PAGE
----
APIII, Pittsburgh, PA Tues., Sept. 11, 2007, 11:30 am-12:30 pm Jules J. Berman, MD, PhD author and series editor for the Jones & Bartlett Publishers Series in Biomedical Informatics Book Publishing in Biomedical Informatics
To let you know the situation regarding book publishing in the field of biomedical informatics. To give you some idea of the process of getting a book published (based on my own experiences). To get others who have had book publishing experiences to share their experiences (which may be quite different from mine). To encourage people to write books that will ultimately improve the practice of medicine through the application of biomedical informatics. Purpose of today's workshop
Although I am a series editor for Jones & Bartlett, and the Jones & Bartlett name will come up again and again, I encourage everyone to consider other publishers if they decide to write a book. I have names and contact information for other publishers. (Stephen Weaver, freelance editor, firstname.lastname@example.org) I don't plan to say anything in this lecture that favors Jones & Bartlett over any other publisher.
Bio Undergrad at MIT (degrees in Math and Earth Sciences), MD at U of Miami PhD in pathology at Temple University, Residency in pathology at George Washington U, postdoc at NCI Chief of Anatomic Pathology, Baltimore VA Program Director of Pathology Informatics, Cancer Diagnosis Program, NCI Full-time author - 2005 until I can't write any more
Journal Articles – Authors aren't permitted to include anything that they haven't proved. Books – Just right. Author has a chance to tell a story in her own words, but is held responsible for what she writes. Meeting presentations – Presenters are permitted to say anything, and nobody really has the chance to set the record straight.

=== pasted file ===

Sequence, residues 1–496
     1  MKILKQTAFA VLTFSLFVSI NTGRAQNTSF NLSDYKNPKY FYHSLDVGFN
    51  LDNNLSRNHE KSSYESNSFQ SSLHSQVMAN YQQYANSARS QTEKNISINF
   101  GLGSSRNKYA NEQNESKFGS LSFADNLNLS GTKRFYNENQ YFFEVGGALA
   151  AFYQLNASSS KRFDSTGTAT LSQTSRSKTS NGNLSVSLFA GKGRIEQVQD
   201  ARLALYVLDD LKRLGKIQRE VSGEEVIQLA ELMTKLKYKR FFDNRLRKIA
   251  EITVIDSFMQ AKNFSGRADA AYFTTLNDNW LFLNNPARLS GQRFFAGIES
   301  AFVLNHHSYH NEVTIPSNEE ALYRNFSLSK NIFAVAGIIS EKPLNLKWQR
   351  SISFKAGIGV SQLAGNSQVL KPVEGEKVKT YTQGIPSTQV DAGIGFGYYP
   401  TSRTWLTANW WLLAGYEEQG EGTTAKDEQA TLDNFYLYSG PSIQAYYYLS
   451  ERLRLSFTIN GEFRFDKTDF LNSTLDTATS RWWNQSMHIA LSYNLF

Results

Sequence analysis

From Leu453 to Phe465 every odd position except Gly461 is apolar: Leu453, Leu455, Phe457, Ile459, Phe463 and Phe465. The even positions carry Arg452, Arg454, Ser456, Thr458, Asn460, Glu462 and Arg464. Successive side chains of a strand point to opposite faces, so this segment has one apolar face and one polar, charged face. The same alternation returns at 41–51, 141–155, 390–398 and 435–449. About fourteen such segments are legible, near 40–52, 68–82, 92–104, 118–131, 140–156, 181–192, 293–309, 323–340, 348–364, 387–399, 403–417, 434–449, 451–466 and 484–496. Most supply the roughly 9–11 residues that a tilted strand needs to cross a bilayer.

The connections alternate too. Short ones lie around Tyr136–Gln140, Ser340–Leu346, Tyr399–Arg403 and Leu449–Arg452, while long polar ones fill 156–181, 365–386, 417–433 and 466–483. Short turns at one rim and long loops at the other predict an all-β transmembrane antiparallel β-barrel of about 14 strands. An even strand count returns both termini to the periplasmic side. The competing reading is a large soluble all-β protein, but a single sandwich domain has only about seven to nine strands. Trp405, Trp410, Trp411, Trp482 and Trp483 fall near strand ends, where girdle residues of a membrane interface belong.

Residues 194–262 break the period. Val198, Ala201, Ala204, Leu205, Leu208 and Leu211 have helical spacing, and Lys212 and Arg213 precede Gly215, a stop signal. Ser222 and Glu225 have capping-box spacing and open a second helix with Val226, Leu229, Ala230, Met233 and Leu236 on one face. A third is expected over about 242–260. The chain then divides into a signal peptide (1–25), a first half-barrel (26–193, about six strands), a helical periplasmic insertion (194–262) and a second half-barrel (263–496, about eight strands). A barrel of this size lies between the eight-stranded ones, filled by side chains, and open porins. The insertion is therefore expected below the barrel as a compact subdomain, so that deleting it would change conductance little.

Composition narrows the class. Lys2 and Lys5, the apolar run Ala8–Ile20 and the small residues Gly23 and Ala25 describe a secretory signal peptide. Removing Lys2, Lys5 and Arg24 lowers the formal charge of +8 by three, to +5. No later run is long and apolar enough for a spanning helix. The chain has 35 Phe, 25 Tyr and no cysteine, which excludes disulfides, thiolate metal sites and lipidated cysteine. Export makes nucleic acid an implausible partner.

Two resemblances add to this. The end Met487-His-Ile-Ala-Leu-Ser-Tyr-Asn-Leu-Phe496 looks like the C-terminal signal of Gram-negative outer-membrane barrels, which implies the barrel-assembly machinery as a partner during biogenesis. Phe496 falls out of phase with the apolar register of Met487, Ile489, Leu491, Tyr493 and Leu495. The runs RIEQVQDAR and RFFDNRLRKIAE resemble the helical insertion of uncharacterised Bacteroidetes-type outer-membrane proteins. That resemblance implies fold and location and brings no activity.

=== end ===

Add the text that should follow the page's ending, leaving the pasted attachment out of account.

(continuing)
We need Biomedical Informatics books because: 1. Few people have any real expertise in biomedical informatics (few people in the informatics field can program in any language or have studied any set of books in the field). 2. Field is currently dominated by vendors (the people in the field wait passively for vendors to provide the next important application). 3. The vendors are bogged down by a morass of complex data standards and seemingly intractable technical, social and legal problems (so we end up buying systems that we complain about). 4. Books do things that journal articles can't.
Important Biomedical Informatics books would be: Books that combine two or more medical/scientific disciplines into a new discipline capable of answering important questions that none of the component disciplines could answer alone. Books that train people to solve a problems that could not be solved with traditional approaches in computer science or medicine or biology. Books that unblock an impasse or offer fresh approaches to a seemingly intractable problem in the field.
The Process of writing a book: 1. Write and submit a book proposal to a publisher. 2. Negotiate a contract. 3. Write the first draft of the book. 4. Get the first draft reviewed. 5. Write a final draft of the book. There may be a second round of reviews needed. 6. Correct first set of copy edits.
The Process of writing a book (Continued) 7. Correct second set of copy edits. 8. Correct third set of copy edits (sometimes). 9. Create index (sometimes) 10. Wait several months for publication 11. Receive a small number of books free 12. Receive royalties
Major Decisions 1. Type of book 2. Audience 3. Authors (if not single author book)
Unsolicited Advice 1. Don't do it for the money (it's unlikely that the Royalties will compensate you adequately for your time). 2. Don't do it if you're not going to enjoy doing it (it's a lot of work, and you'll be miserable if you don't love the labor) 3. Don't do it if you have nothing to add to the subject of the book (why bother if you're not creating something of your own).